Said performance was seemingly designed to directly translate the emotional and spiritual into the physical, in a manner which elided clear explication.  (Indeed, the "poetic" text provided in the program I think was something of a mistake.)  Two women (Ditte Berkeley and Emma Bonnici) and one man (Martej Matejka) were generally center stage, struggling against each other with a force utterly unlike the practiced mime of stage combat.  All were clearly trained in movement, yet somehow their actions felt unskilled, awkward (they often fell to the floor with a wince-worthy crash).  Grace was what they sought (they sometimes climbed atop each other to get closer to heaven), yet that was precisely what always eluded them; clearly they didn't know how to live, neither with each other nor with themselves.  I couldn't say that the piece built to a "conclusion" - it felt more like a single moment repeated in several variations - but it certainly conveyed the throes of emotional desperation with intense clarity.

This was largely due to the piece's musical dimension: its archetypal "characters" suffered (almost always) in silence, yet a startling score gave them voice - in a set of wailing, polyphonic "songs" drawn from Corsican musical traditions, played by a tight instrumental ensemble and led with frightening abandon by vocalist/cellist Nini Julia Bang.  The piece is worthwhile in musical terms alone, frankly - although the music is exquisitely integrated with the physical performance; there seems to be no separation between "musician" and "actor" here.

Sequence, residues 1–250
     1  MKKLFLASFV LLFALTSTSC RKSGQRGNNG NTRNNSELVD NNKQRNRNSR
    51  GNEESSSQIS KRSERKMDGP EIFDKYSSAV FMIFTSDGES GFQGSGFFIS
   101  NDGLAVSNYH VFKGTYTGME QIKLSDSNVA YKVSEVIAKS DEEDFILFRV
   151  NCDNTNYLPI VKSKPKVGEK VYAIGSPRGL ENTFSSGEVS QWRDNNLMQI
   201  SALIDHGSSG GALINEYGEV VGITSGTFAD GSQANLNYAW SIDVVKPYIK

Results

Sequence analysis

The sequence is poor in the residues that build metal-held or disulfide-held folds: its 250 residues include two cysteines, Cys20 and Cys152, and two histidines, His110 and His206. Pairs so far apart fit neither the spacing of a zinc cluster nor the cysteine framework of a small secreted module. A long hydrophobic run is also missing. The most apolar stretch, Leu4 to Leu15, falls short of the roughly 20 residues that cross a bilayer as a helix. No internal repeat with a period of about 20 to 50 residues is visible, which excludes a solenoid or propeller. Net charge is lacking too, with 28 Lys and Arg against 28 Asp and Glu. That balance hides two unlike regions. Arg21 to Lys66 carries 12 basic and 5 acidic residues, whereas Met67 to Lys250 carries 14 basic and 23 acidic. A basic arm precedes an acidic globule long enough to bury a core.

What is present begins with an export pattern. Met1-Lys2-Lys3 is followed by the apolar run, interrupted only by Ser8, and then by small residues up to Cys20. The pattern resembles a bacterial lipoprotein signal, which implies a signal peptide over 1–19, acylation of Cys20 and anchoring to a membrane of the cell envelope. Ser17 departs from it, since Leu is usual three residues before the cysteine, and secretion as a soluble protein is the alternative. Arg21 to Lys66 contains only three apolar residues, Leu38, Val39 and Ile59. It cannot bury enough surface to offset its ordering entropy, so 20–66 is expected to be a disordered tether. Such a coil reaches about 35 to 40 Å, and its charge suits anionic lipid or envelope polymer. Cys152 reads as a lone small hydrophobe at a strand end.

The Charlestown Working Theater has been lucky of late in its visiting artists (I believe this weekend they're hosting yet another foreign visitor, Yaroslava Pulinovich's The Natasha Plays), and as a result, buzz has been building around this gritty, daring little space. So let's hope the CWT can expand its offerings as they rise in popularity (local donors, take note). Caesarean Section is actually only one part of a triptych of work from Teatr Zar; it would be wonderful if Boston audiences someday might be able to see this compelling piece in its entirety.